Tag: urgent care

How Virtual Consults Can Benefit the Emergency Department

By Lee Horner, CEO, Synzi.

Lee Horner
Lee Horner

In urgent care situations, being able to provide timely and quality healthcare is essential to the impact and satisfaction of the ED staff and related EMS team members. Using telehealth, current ED workflows can be enhanced to increase access and make collaboration between onsite providers and offsite colleagues and specialists easier and more timely. Virtual care platforms can rapidly improve the delivery of care, effectively addressing urgent patient needs while reconciling the gap in having available specialists on-hand / in-person for immediate consults. Virtual consults are a viable and valuable solution to helping improve outcomes in emergent care situations.

Providing Critical Care On-Demand in the ED

Seconds and minutes count in the ED. With a virtual care platform, a hospital’s ED staff can quickly access remote specialists and facilitate a virtual consult between offsite specialists and patients. Instead of losing crucial minutes, hours, or even critical days in the ED to call a specialist or wait for an in-person consult, ED staff can quickly reach the first available, designated specialist who can deliver a timely virtual consult and provide guidance as to diagnosis, admission, and/or transfer. With virtual care technology, specialists can provide the needed consult from anywhere and on any device. Key decisions as to whether the patient needs to be admitted, transferred or discharged can be made in minutes (vs. hours or days). The costs involved with keeping a patient in the ED are also contained, and the hours or days which a patient spends in the ED are reduced. As hospitals struggle to have multiple specialists on-hand at any time, virtual consult platforms can empower hospitals to leverage specialists within their networks to support their patient care objectives around-the-clock.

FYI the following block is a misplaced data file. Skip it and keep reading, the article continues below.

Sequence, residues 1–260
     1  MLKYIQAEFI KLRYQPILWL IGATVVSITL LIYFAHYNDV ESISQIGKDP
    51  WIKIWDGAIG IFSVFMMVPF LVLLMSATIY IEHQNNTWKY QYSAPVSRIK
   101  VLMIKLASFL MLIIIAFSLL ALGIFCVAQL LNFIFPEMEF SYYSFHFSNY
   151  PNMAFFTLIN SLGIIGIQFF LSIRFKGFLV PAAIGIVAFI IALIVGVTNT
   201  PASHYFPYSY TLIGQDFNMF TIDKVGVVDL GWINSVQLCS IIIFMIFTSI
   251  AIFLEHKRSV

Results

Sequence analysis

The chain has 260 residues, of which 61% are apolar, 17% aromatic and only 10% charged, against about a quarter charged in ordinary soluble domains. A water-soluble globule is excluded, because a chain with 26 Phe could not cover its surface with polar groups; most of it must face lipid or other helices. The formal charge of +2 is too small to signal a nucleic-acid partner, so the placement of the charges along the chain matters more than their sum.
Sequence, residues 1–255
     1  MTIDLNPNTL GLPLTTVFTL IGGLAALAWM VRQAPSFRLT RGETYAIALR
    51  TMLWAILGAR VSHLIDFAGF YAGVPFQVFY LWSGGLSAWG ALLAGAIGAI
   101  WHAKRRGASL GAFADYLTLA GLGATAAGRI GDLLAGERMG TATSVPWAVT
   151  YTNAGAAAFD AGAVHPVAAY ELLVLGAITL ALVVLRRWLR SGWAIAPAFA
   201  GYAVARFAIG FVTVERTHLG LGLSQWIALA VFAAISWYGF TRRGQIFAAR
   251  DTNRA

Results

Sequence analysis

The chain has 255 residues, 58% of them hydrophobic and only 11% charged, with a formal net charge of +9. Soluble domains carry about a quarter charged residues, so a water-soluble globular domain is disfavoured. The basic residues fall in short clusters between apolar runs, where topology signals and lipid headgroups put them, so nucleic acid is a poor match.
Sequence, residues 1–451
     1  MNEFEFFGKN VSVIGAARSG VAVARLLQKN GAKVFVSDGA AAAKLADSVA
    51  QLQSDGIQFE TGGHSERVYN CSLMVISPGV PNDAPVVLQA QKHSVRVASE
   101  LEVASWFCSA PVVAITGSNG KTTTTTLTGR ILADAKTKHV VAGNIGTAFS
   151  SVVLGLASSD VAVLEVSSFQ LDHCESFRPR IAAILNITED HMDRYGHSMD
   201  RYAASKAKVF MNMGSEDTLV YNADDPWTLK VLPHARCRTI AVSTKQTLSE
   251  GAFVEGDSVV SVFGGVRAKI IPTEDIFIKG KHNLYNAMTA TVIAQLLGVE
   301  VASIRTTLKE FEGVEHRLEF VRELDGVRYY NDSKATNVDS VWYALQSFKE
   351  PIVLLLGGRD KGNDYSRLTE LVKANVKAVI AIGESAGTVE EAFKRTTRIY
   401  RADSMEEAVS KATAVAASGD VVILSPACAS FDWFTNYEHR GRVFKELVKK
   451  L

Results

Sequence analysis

Reducing Waiting Time and Minimizing Leakage in the ED

Virtual care platforms are also being used to reduce waiting times in the ED and deliver routine care to patients with non-emergent conditions. In a recent study published in Telemedicine and e-Health, rural hospitals using telehealth reduced the time between patients entering the ED to receiving physician care, according to University of Iowa researchers.

Virtual care had decreased door-to-provider time by six minutes. The researchers also concluded that the length of stay in the ED of the initial hospital was shorter for patients who were eventually transferred but had initially participated in a virtual care consultation. At New York-Presbyterian/Weill Cornell Medicine, the Express Care program allows patients with minor injuries or non-life-threatening symptoms to be seen virtually by an offsite provider via video. When asked by the Wall Street Journal, “What’s the number one complaint of patients in the emergency room?” Rahul Sharma, the emergency physician-in-chief at Weill Cornell, responded: “Wait time.”

The hospital reported that the Express Care telehealth program has cut the average wait time in the hospital’s ED by more than half; between 35 to 40 minutes. As hospitals struggle to prevent leakage and minimize the chance of patients leaving their ED waiting room for another healthcare setting, virtual consults can help the waiting patients access the diagnoses and care they need in a more timely and convenient manner.

Expanding Impact into the Community